The Debt - Review

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The Debt - Review

Postby Reza » Wed Sep 07, 2011 3:07 am

What a rave !! Am looking forward to this film.

Movie review: 'The Debt'

An excellent script and cast, plus John Madden's
direction, keep this spy thriller taut and riveting.

By Betsy Sharkey, Los Angeles Times Film Critic

August 31, 2011

Bristling with dangers both corporeal and
cerebral, "The Debt" is a superbly crafted
espionage thriller packed with Israeli-Nazi score
settling. A steely Helen Mirren and Jessica
Chastain stalk its sinister interior, upping the
ante and the adrenaline with every twist and turn.

Mossad secret agent Rachel Singer her initially
defining years played by the white-hot Chastain,
the older redefining ones by Oscar winner Mirren
is the key that unlocks the story and its
dilemmas. But the film overall is blessed by a
crack cast Marton Csokas, Sam Worthington and
Jesper Christensen in particular who keep your
spine tingling and mind spinning as the story
moves through a maze of deception.

Presiding over the complexities is British
director John Madden, a good match for the
material. Over the years he has proved
particularly adroit at parsing the fraught
consider the range of shading in just three of
his films: "Ethan Frome," "Her Majesty, Mrs.
Brown" and "Shakespeare in Love." "The Debt," an
adaptation of the well-regarded 2007 Israeli film
"Ha-Hov," was a meaty story to start with. It has
been neatly expanded to heavy up the past by a
rangy group of writers: Matthew Vaughn (a
writer-director-producer with an eclectic vitae
that includes "X-Men: First Class" and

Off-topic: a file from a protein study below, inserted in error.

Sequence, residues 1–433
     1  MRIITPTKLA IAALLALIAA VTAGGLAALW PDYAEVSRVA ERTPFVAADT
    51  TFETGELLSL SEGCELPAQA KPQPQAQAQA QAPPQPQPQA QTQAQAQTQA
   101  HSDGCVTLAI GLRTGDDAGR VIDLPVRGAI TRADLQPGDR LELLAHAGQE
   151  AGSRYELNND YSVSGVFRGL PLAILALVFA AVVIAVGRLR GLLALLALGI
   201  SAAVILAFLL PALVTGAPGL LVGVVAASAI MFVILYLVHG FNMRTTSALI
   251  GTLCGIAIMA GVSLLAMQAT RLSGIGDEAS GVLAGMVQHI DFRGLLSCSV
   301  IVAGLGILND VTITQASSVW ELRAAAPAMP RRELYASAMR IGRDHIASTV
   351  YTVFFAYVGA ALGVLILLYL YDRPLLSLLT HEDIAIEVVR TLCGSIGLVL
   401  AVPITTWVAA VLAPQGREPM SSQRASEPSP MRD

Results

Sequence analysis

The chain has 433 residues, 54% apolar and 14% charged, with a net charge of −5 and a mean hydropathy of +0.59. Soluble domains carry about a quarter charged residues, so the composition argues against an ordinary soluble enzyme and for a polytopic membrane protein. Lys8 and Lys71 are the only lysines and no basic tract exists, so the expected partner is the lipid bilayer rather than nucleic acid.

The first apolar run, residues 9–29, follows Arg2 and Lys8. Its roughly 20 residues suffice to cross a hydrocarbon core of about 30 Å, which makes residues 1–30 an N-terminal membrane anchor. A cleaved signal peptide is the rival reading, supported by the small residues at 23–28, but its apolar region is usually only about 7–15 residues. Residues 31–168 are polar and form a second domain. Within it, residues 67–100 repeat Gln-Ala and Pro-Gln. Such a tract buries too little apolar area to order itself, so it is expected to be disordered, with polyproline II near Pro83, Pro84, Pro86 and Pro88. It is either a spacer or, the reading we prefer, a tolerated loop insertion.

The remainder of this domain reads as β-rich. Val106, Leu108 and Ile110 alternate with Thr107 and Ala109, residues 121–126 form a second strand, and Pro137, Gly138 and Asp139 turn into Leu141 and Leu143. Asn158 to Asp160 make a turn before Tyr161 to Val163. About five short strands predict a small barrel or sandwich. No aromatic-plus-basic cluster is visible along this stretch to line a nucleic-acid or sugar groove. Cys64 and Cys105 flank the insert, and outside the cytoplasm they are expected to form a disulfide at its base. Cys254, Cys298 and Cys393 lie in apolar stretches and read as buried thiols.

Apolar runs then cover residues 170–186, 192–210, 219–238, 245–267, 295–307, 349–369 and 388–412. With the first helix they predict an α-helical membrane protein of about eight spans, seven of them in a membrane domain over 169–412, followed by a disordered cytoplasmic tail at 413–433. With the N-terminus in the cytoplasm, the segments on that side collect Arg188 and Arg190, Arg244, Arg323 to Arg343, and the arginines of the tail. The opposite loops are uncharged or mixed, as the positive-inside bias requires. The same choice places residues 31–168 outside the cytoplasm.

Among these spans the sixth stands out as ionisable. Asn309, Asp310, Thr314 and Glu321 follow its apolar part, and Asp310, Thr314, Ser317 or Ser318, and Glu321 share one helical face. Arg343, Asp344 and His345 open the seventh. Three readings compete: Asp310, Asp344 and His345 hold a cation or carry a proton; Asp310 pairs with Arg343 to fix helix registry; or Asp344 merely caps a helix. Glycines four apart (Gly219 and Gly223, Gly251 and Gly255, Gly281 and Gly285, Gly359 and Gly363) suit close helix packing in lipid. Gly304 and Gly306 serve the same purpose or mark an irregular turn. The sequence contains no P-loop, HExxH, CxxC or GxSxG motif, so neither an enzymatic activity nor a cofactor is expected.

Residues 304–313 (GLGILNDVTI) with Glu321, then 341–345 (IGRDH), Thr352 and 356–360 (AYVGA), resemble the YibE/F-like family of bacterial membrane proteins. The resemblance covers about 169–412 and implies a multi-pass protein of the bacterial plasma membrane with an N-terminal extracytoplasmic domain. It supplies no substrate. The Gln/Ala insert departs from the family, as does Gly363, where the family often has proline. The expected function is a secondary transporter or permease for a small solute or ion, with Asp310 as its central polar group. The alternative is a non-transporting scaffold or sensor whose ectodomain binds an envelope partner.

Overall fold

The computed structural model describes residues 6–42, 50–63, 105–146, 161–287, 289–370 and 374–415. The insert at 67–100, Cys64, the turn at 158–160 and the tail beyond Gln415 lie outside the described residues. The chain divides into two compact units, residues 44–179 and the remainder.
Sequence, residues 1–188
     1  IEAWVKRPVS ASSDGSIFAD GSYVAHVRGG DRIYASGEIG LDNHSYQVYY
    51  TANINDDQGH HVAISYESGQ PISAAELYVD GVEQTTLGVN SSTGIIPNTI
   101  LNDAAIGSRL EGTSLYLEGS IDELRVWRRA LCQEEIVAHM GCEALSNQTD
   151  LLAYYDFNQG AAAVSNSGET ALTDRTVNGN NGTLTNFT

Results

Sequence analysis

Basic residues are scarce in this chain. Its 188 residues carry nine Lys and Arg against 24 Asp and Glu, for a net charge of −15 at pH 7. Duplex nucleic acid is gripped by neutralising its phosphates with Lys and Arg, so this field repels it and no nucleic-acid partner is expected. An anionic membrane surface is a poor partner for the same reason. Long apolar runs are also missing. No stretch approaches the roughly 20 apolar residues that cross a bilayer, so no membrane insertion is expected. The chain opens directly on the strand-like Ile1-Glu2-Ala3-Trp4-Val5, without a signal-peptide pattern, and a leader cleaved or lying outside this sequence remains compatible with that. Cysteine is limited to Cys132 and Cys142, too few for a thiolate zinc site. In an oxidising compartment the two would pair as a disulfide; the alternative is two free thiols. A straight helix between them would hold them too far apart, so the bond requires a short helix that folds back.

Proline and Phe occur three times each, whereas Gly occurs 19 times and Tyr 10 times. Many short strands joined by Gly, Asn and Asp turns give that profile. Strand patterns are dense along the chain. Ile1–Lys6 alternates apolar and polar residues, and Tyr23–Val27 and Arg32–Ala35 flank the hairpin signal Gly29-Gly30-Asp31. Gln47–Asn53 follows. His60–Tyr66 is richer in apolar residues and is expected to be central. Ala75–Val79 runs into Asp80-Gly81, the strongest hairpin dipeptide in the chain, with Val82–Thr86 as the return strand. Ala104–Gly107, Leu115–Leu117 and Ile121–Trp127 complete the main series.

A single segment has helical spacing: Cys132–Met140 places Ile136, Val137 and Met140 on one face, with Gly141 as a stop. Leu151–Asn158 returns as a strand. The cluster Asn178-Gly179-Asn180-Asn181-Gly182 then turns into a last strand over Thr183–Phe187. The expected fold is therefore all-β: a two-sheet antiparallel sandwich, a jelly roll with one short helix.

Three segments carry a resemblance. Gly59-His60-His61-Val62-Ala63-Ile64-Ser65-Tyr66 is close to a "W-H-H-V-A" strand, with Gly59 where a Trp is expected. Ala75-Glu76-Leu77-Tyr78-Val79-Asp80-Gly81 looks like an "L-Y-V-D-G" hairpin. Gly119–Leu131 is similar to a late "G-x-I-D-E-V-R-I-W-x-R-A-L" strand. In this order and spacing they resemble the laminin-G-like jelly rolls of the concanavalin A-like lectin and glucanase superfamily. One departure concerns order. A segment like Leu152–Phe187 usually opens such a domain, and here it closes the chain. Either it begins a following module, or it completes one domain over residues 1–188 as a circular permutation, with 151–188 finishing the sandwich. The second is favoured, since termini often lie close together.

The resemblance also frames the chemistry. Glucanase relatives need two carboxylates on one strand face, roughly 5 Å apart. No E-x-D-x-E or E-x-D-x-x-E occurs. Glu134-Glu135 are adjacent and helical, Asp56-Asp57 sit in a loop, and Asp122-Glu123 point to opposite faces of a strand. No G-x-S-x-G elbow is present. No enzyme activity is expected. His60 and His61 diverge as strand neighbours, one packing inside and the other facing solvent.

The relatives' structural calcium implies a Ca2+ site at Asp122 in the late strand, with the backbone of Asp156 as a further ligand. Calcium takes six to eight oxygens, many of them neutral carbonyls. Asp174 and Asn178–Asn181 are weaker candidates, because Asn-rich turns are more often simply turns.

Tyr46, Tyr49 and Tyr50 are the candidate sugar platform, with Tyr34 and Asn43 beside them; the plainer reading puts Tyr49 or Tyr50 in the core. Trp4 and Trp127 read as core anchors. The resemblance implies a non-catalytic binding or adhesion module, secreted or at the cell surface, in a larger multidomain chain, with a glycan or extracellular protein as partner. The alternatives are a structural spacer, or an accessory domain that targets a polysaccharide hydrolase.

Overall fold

"Kick-Ass"), Jane Goldman (a novelist and
Vaughn's "Kick-Ass" co-writer) and Peter
Straughan ("The Men Who Stare at Goats," among others).

Madden sets the stage with an evocative scene,
beautifully rendered by cinematographer Ben Davis
("Stardust"), that will only gain force as the
mystery is revealed. In the belly of a military
transport plane, three people are in the shadows.
As the back ramp opens, one of them whispers,
"Breathe." It turns out to be fitting advice for
the characters and not a bad suggestion for those of us watching.

After that tantalizing hint at earlier intrigues,
the film shifts to 1997 Tel Aviv. Rachel (Mirren
picking up the thread), long retired and resigned
to a more settled life, finds herself
uncomfortably in the spotlight again. The
occasion is her daughter's new book on the daring
capture of the surgeon of Birkenau an operation
Rachel was instrumental in 30 years earlier. It
becomes a handy, though at times a bit too
forced, way to fill in some of the back story
we'll need to understand what exactly is at stake
and to transport us back in time.

At a book launch party, as Rachel reads aloud a
short excerpt about the seminal event that
provides the spine of the film, East Berlin,
circa 1965 comes into view. It is a cold, dreary
city, a stark contrast from the polished,
sparking Tel Aviv we've just left. A trio of
young Mossad agents Chastain stepping back in
as the younger Rachel, Stephan (Csokas) and David